The human appendix, which is found near the small and large intestines, is enhanced in the Isoculture to transform this into an organ to nurture symbiotic gut microbes and engineered bacteria that create products for the Isocutlure inhabitants. A hole is created in the lower abdomen near the right hipbone, to give an access point directly into the enlarged appendix organ. The person can use the appendix as an incubator of the engineered bacteria that can be harvested to create materials and medicine. (http://en.wikipedia.org/wiki/Vermiform_appendix)

Michael Burton and Michiko Nitta

Teras, 46 Hestia, Lynpha and Maternica

Showing some of the original ideas, sketched on a blackboard in the Father’s laboratory.

Alan Outten

Will my city fit?

Comparing the sizes of some of Earth’s largest cities to Isoculture, one of twelve self-contained, rotating spheres, constructed by Teras from the c-type asteroid 46 Hestia, to form Lynpha, the spaceship/experimental laboratory travelling to the planet Maternica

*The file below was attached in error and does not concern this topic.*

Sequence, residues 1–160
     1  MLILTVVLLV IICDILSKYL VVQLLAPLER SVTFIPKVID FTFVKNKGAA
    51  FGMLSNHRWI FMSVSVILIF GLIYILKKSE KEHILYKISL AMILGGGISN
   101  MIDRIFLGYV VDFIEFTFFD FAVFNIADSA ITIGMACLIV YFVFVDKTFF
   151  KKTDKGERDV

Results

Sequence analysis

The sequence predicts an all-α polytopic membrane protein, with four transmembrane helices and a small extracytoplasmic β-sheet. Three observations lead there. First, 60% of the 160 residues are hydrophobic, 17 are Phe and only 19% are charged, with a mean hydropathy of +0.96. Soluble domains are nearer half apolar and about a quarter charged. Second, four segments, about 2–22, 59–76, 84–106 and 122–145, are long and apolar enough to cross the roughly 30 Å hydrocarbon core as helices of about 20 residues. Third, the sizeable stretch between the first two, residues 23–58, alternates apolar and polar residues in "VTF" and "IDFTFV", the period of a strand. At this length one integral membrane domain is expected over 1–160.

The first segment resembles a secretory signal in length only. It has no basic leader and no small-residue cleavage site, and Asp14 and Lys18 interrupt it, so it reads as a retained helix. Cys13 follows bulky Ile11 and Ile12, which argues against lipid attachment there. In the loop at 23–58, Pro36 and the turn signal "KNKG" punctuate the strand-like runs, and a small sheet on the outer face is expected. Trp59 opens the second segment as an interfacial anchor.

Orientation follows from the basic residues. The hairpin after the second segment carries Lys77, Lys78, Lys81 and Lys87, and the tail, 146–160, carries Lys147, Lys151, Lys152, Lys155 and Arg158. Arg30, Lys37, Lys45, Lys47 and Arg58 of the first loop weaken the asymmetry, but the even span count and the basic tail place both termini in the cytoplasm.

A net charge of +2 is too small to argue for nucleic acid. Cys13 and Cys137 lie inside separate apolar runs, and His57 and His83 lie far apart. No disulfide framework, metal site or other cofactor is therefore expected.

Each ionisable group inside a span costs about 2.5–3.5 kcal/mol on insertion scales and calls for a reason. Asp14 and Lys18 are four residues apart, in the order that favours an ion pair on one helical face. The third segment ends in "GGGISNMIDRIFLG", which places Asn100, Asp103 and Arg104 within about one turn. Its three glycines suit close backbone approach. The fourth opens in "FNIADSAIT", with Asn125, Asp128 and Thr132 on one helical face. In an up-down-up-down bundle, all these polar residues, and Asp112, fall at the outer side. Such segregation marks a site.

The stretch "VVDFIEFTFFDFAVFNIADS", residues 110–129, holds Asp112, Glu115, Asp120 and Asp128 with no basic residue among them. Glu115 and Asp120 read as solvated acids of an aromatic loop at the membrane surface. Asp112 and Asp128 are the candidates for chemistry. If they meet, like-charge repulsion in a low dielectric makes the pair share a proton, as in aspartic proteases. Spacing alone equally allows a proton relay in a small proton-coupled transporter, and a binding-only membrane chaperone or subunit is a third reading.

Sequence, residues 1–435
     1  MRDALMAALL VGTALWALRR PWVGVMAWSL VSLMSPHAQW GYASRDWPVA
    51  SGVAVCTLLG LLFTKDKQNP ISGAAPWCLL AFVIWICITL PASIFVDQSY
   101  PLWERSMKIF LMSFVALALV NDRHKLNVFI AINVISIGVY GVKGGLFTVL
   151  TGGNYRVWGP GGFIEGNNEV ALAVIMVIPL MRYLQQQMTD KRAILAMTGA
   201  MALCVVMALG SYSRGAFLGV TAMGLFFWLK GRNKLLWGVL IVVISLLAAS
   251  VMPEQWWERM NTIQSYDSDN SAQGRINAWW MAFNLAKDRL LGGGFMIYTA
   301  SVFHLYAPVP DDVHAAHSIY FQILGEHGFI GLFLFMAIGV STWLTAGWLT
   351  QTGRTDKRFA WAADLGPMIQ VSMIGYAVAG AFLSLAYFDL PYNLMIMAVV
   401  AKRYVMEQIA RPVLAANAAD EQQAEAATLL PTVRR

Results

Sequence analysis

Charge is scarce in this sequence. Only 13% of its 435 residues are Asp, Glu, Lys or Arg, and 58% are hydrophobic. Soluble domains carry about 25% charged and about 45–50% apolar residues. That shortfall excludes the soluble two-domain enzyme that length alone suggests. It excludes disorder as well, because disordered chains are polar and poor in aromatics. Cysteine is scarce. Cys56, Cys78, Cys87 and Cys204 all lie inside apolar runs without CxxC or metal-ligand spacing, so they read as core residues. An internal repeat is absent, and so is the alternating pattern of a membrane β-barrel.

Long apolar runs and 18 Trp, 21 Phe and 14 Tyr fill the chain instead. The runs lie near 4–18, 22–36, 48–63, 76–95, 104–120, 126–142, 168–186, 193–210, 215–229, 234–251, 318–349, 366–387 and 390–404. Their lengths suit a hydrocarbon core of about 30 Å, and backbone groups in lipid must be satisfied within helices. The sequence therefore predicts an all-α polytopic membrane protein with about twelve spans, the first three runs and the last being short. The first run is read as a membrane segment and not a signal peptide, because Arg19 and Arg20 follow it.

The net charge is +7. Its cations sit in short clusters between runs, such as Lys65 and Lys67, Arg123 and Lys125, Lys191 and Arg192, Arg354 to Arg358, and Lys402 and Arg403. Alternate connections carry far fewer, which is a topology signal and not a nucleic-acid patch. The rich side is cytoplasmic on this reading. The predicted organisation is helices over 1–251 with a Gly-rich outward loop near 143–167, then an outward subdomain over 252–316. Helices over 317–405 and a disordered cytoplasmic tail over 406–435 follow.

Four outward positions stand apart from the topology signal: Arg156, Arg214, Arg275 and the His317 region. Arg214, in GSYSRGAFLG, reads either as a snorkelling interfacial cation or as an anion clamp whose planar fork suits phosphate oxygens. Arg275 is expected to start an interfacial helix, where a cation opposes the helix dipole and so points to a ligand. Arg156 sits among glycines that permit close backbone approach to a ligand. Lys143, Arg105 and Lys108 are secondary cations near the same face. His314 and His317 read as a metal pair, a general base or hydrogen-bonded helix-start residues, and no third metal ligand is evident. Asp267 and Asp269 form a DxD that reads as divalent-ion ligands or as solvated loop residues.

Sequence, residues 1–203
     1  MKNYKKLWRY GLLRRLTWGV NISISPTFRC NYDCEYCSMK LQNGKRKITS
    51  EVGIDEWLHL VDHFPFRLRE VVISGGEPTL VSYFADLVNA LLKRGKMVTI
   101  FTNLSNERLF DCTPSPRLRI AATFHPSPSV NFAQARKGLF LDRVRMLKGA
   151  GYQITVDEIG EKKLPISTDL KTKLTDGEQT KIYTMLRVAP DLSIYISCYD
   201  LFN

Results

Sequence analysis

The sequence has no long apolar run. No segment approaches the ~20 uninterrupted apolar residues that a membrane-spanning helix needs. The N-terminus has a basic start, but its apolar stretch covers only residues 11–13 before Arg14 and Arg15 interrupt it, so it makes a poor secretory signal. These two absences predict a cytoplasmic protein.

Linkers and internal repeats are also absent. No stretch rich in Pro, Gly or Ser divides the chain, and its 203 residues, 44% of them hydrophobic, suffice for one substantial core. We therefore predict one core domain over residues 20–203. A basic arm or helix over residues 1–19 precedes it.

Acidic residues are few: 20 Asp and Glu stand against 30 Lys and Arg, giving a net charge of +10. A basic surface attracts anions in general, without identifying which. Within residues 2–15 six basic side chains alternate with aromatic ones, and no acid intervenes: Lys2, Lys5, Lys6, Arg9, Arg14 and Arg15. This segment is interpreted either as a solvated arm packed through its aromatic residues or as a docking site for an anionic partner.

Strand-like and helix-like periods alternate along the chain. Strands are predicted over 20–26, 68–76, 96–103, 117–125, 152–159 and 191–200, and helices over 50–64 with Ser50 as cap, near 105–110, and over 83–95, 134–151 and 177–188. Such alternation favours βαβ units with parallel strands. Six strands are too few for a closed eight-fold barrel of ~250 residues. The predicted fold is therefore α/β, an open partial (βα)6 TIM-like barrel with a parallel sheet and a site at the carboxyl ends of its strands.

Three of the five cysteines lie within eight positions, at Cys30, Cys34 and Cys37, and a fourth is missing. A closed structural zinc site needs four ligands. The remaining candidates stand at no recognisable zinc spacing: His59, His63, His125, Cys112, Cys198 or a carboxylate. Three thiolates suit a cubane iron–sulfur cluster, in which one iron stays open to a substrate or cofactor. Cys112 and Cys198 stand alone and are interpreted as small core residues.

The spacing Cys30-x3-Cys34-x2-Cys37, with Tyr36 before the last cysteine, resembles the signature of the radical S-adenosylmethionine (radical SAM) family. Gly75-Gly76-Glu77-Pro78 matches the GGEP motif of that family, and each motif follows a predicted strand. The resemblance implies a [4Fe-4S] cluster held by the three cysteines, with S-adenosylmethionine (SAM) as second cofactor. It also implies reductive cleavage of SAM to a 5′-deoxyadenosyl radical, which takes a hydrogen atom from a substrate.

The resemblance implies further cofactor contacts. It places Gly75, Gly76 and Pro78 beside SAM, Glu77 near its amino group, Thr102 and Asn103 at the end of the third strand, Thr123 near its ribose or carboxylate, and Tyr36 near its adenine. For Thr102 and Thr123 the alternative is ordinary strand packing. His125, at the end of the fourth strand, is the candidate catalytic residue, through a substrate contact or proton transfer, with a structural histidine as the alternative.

Lynpha is big!

A 1:200,000 scale drawing of the Lynpha spaceship. Created, by Teras and formed from the asteroid 46 Hestia, this 236km-wide spacecraft comprises the central core of the asteroid (propulsion) surrounded by twelve Isocultures – rotating, opaque and enclosed experimentation spheres each 50km in diameter. The ship is designed to last hundreds of thousands of years as it journeys to its new home, the planet Maternica

Alan Outten

0.1. Teras

The first two chapters of this yet-to-be-finished book revolve around one of the many 0.1. Teras artificial life forms sent to other planets to establish new civilizations. While travelling in Lynpha, the cold, spaceship womb of its birth, it awakes too soon, and starts questioning its humanity and its purpose. It dreams of its Fathers, and of a half-drowned Earth.